Kenya’s building sector remains attractive to investors

Saturday May 20 2023
Rental Apartments

Rental apartments in Machakos County, Kenya. PHOTO | EVANS HABIL | NMG

By Albert Mwazighe

Kenya’s construction sector registered a growth of 4.1 per cent in 2022, driven by a relaxed regulatory environment and developments in infrastructure that made it attractive for investors.

According to Kenya’s Economic Survey 2023 released early May, the number of building plans approved in Nairobi, for instance, increased by 58 percent.

This paved way for real estate investments worth more than Ksh162.5 billion ($1.18 billion) in the country’s capital. As a result, cement consumption also increased from 9.1 million metric tonnes in 2021 to 9.5 million metric tonnes in 2022.
Meanwhile, the length of national roads under bitumen increased from 18,700km in 2021 to 19,100km in 2022.

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Housing spend

Overall government approved expenditure on housing for 2022/23 is expected to increase to KSh19 billion ($138.4 million) from KSh14.1 billion ($102.7 million) in 2021/22, while that of roads is expected to rise to KSh191.4 billion ($1.4 billion) in the same period.


An earlier finding by real estate firm HassConsult in April shows that improved infrastructure and affordability of land, especially in satellite towns, made the country attractive for potential real estate investors in the first quarter of 2023.

A proposal to extend the Standard Gauge Railway to Athi River’s Export Processing Zone for instance, sparked speculation that has led to a 6.1 percent increase in land prices in Athi River in the period.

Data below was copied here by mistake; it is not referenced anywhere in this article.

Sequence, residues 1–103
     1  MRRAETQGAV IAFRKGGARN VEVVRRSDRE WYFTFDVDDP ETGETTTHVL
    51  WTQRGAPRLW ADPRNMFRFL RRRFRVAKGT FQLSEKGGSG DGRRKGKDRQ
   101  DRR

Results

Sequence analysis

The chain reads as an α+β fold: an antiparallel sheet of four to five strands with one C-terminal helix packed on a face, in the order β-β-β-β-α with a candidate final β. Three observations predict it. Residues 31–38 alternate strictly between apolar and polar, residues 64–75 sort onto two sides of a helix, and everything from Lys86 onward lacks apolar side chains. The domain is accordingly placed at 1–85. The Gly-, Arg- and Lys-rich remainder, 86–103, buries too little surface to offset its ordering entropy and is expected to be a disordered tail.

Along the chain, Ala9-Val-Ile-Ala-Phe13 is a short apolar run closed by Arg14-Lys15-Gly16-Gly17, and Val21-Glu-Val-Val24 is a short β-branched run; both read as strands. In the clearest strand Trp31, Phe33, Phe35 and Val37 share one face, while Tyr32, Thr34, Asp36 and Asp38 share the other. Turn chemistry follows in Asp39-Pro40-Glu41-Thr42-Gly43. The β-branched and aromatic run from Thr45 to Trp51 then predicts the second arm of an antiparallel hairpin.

The growth rate is comparable to Ngong, the best performing town, which witnessed a 6.2 percent surge in land prices, also as a result of developments in road network and other forms of infrastructure.

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Lucrative investment

In the residential sub sector, apartments are expected to be the most lucrative form of investment, followed by semi-detached houses, and then detached houses.

According to HassConsult, over the last 20 years, the share of apartments in the residential market has grown to 64.4 percent, while that of semi-detached homes stands at 28.1 percent.

With Kenya’s housing deficit standing at more than 200,000 units a year, the market remains ripe for investment.
The average sales price for detached houses is about Ksh48.7 million ($354,956.3), while semi-detached homes are currently selling for Ksh30.2 million ($220,036.4).

Apartments average at Ksh15.07 million ($109,799.6).